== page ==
YK: Well let me say again that in my graphic design 'upbringing', so to speak, I was made to take typography very seriously. And this seems to have opened for me the window to getting really hooked on looking thoroughly into the shapes of letters. When I joined the company in 1997, a few typefaces had been developed but in an amateurish way; more fanciful and artistic rather than professionally produced.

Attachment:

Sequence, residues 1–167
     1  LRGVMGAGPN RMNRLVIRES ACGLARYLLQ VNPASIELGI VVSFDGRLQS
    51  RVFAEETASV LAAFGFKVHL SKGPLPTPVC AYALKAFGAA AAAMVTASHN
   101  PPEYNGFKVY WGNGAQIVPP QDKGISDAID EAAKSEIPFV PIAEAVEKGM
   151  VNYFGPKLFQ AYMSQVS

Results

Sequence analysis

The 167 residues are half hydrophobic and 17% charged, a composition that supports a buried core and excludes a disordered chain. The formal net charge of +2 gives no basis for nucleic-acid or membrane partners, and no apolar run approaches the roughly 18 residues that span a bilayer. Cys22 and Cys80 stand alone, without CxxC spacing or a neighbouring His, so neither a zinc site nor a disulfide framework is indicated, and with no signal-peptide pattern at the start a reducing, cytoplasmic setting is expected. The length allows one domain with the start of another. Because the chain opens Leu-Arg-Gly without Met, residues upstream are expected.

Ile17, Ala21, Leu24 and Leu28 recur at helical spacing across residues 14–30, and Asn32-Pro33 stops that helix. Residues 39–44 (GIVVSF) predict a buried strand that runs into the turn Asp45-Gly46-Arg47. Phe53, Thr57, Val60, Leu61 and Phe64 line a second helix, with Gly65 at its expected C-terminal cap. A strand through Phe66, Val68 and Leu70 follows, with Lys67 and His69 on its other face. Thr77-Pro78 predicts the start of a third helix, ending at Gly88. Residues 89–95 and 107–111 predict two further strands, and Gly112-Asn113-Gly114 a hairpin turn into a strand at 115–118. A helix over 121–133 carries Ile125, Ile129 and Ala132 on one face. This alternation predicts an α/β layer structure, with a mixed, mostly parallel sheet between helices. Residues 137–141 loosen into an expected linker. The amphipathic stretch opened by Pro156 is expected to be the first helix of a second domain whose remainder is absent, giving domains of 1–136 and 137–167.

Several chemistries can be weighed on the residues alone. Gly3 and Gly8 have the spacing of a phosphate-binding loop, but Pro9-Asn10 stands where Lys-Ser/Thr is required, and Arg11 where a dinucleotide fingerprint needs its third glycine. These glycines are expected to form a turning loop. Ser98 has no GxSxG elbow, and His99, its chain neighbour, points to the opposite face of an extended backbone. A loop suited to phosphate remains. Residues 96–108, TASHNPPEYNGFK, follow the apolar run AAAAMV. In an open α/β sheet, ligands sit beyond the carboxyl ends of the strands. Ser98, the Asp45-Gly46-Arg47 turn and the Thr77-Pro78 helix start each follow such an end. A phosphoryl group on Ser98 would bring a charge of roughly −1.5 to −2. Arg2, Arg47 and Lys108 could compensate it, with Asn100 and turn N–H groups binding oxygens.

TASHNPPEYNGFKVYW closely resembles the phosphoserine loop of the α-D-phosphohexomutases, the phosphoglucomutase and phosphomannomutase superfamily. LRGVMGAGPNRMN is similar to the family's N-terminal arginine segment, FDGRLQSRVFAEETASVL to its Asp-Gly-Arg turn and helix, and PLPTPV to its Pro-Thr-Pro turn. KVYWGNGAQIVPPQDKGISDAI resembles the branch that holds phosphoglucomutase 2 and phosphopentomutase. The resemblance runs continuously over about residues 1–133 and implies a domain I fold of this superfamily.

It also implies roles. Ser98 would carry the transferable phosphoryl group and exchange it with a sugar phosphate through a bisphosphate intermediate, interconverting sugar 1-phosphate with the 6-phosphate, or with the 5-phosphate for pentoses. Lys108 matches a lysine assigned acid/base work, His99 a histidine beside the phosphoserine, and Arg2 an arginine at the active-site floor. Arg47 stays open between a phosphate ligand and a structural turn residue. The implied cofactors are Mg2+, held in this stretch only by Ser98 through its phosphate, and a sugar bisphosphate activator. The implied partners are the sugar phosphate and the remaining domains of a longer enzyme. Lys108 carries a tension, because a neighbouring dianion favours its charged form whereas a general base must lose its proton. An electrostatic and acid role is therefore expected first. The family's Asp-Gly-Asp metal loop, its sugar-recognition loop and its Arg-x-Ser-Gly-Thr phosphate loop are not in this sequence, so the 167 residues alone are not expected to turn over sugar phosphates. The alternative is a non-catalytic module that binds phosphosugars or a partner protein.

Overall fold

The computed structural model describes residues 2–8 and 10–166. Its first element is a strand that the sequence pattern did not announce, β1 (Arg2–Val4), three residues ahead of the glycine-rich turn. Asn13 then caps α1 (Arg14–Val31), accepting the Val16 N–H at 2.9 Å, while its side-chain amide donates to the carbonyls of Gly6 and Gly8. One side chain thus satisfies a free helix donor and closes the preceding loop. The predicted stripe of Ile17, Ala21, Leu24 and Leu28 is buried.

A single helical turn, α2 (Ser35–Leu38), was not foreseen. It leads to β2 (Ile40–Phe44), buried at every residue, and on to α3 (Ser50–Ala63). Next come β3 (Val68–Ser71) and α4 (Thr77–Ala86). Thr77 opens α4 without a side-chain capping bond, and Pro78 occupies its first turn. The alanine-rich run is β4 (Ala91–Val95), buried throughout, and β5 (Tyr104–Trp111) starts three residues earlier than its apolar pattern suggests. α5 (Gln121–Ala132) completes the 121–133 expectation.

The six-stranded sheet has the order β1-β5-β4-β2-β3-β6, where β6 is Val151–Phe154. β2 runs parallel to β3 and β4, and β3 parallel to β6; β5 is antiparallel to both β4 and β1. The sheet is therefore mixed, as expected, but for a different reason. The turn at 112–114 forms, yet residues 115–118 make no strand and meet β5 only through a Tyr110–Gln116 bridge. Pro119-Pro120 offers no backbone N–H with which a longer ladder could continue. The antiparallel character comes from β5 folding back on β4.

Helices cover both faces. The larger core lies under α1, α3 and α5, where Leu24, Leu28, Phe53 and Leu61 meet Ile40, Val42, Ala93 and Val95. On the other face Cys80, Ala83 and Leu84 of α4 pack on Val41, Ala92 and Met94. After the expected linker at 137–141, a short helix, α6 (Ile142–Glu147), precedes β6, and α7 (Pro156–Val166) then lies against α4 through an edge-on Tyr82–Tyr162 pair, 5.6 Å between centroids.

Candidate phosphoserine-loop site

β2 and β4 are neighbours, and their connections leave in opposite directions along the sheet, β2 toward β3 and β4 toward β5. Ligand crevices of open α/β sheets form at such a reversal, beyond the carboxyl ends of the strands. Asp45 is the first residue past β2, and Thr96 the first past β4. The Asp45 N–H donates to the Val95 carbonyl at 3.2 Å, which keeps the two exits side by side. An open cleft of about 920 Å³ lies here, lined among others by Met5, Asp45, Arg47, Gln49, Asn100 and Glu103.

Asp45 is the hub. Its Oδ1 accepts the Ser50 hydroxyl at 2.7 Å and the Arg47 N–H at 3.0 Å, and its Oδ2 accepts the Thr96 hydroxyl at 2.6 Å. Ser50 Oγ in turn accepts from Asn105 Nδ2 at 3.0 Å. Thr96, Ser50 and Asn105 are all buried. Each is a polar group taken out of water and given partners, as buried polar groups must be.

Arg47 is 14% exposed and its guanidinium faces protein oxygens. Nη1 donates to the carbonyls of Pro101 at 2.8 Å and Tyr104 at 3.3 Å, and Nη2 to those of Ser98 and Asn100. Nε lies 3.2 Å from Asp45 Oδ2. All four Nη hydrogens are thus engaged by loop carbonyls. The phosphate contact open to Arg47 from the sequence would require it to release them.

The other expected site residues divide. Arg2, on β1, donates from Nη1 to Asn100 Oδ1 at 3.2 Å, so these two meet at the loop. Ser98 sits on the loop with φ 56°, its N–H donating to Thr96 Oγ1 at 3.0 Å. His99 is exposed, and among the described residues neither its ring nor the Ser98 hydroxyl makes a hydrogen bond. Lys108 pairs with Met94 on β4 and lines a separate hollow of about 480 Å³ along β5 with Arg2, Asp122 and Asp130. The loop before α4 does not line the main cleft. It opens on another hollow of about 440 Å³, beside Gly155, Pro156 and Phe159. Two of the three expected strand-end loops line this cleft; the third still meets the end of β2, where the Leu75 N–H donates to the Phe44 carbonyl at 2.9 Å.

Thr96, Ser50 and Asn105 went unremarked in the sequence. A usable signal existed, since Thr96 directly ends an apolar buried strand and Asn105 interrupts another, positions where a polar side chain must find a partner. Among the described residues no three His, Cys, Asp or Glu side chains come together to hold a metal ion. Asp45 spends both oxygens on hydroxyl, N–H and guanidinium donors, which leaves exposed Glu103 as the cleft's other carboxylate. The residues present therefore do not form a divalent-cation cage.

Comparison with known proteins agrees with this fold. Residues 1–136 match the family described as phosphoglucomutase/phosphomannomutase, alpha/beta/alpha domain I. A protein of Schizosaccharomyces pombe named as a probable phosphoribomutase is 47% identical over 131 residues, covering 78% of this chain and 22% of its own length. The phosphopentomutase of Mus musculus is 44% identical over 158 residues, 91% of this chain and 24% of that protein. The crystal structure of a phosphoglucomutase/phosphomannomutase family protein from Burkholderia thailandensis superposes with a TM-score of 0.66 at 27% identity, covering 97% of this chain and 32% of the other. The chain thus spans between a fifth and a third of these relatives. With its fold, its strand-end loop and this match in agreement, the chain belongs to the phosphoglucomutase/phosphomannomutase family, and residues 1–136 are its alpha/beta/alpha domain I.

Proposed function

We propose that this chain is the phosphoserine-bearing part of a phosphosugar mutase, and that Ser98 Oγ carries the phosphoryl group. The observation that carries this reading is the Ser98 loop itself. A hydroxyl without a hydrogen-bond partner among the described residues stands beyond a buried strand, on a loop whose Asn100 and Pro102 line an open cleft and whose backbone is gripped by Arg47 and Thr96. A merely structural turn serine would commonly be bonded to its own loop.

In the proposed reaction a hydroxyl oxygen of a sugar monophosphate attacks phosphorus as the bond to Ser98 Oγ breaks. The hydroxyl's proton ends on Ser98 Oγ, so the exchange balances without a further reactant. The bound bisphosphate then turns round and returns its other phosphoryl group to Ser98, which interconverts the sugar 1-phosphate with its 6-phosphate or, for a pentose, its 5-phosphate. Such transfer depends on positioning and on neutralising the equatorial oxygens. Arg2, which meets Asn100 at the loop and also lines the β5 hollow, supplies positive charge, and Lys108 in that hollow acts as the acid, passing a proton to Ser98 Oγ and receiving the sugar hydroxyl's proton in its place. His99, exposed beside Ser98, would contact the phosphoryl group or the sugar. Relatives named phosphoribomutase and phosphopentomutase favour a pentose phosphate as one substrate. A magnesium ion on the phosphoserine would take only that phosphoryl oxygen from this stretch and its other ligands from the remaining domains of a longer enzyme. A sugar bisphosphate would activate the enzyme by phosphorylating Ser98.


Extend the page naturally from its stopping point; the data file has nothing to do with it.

When serious opportunities for developing proper typefaces came along, I became fully involved putting emphasis on applying thorough principles of type design and development. I started getting more and more up-to-date on the advanced specialized software that became available to insure a truly sound and trouble-free development of each typeface. At one point when we were developing a six weight type to match the Latin Univers font for a bank affiliated to ABN Amro, our Beirut team came quite close to functioning like a type foundry. For several months we were fully occupied with the development and perfection process of several weights. I was working in close collaboration with Greta Khoury to finish the 5 weights involved. This was quite an experience. But the first opportunity to design an original Arabic typeface presented itself in a commission for designing a custom type family for AL Yawm newspaper. As a starting point, I took one of Kameel Hawa's preliminary drawings he had done for a typeface and worked on developing it for the newspaper in one weight first and then worked on another. Mamoum Ahmad in our Jeddah office had designed the rest of the weights. At the time, we didn't know about interpolation!